What Works

As promised (see my last post) the following are some thoughts stimulated by points raised by John Pomfret recently in his blog.

The parts of John’s post http://newsweek.washingtonpost.com/postglobal/pomfretschina/2009/03/more_on_hillary_and_us_china_p.html that caught my eye were the words I put in bold below:

“I criticized Clinton’s statement on human rights not because I disagreed with it, but because I felt she was unnecessarily giving China a freebie. In her attempt (perhaps) to break with her past in China (I’m thinking here of the problems she had during the Beijing’s Women’s Forum in 1995), in her attempt to (perhaps) be likeable (There’s no shortage of American diplomats who’ve bought into the whole very weird Chinese concept of friendship), she — without prompting and without a clear tit-for-tat — gave away too much. That, to me, is not sage diplomacy. The Chinese negotiate with us very seriously. Each inch they give us, they do so after a fight. We should be equally as tough; not nasty, not unfriendly, but tough.”

Based on this paragraph, I’d say the main difference between John and I would be a difference over the best way to advance American interests in our relations with China. The paragraph above summarizes one widely held point of view: “toughness” is key to getting things done; the Chinese negotiate in a “tit-for-tat” manner and we should not “give them anything” unless we get something in return; many China experts are not effective in dealing with China because they are too concerned about being seen as friends of China.

Of course, my perspective is different. In defense of my approach, I’d cite the following list of names: Richard Nixon, Jimmy Carter, Ronald Reagan, Bill Clinton, and George W. Bush.

What do they have in common with regard to China? They all campaigned on getting “tough” with China but moderated their approaches substantially after being in office for a while (and each was then criticized in the next campaign by their opponent for being too “friendly” to China). (George H.W. Bush does not make the list only because he did not campaign on getting tough with China. His pragmatic approach toward China was consistent in his campaign and in office. But I think his experience in China in the 1970s coupled with his behavior in office supports the thesis I propose below.)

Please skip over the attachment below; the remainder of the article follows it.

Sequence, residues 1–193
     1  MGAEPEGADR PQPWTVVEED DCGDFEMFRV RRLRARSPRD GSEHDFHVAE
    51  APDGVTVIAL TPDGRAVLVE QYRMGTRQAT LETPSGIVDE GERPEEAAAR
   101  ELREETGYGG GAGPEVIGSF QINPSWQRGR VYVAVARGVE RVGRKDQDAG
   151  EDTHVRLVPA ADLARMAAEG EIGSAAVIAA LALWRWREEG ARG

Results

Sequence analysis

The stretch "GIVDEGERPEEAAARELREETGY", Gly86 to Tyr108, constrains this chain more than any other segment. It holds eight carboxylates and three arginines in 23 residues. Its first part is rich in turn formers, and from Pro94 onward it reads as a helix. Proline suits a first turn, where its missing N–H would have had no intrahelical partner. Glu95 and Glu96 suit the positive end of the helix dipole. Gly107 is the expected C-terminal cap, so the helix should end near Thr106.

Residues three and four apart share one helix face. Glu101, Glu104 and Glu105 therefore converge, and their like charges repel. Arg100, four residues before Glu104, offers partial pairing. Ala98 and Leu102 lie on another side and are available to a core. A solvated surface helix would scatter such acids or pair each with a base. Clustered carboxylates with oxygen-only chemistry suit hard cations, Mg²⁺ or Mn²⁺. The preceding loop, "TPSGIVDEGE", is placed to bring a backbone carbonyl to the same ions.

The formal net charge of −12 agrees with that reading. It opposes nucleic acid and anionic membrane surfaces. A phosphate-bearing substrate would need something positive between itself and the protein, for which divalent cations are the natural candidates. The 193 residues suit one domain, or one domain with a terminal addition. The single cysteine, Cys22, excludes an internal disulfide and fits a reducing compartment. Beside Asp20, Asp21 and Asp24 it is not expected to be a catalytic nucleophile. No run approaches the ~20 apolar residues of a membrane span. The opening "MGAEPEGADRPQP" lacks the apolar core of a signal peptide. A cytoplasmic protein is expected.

Why this consistent shift in rhetoric and behavior over 35 years from a group of strong willed leaders from two parties and different places on the political spectrum? There is a simple explanation: once you have the responsibility for moving issues forward with China the situation looks very different than it did when you were on the outside and free to offer your views with no responsibility for actually getting anything done.

I’m not saying one never should be tough. Sending US aircraft carriers to the Taiwan Strait at the time of China’s missile firings in March 1996 was the right thing to do. And I think I could produce a goodly number of witnesses from both governments who could testify that I have pushed back pretty hard in my trade negotiations in Beijing. But such actions are most effective when taken in the context of a set of relationships that are based on mutual respect and, yes, a form of professional friendship.

But to illustrate this point concretely, let’s think about President Clinton’s campaign and first year in office:

Tough? Remember his campaign criticism of Bush 41 for “coddling the butchers of Beijing”?

Tit-for-tat? Remember the new President’s decision to link approval of Most Favored Nation (MFN) trade status to very specific steps forward by China in human rights?

Remember how the story ends? The Clinton Administration does not achieve its human rights goals through its tough talk and tit-for-tat approach and is embarrassed by having to withdraw the linkage to MFN. Later, President Clinton is attacked for being too friendly to China.

This kind of experience highlights the fallacy of the view that China hands “go easy” on China because they are worried about offending. The fact is, people who have spent time carrying the responsibility for achieving progress on issues with China come to realize what works and what doesn’t.

Let me be clear: I think it is fine for academics, journalists, human rights activists, and ordinary American citizens to air their criticism of China (or any other country) in whatever terms they want. Sometimes such public criticism can be helpful.

However, we should not confuse such statements with the professional and pragmatic approach required to actually advance American interests in this complex relationship. I certainly can’t speak for any of them, but I believe the observed behavior of Presidents Nixon, Carter, Reagan, Bush, Clinton, and Bush supports this view.

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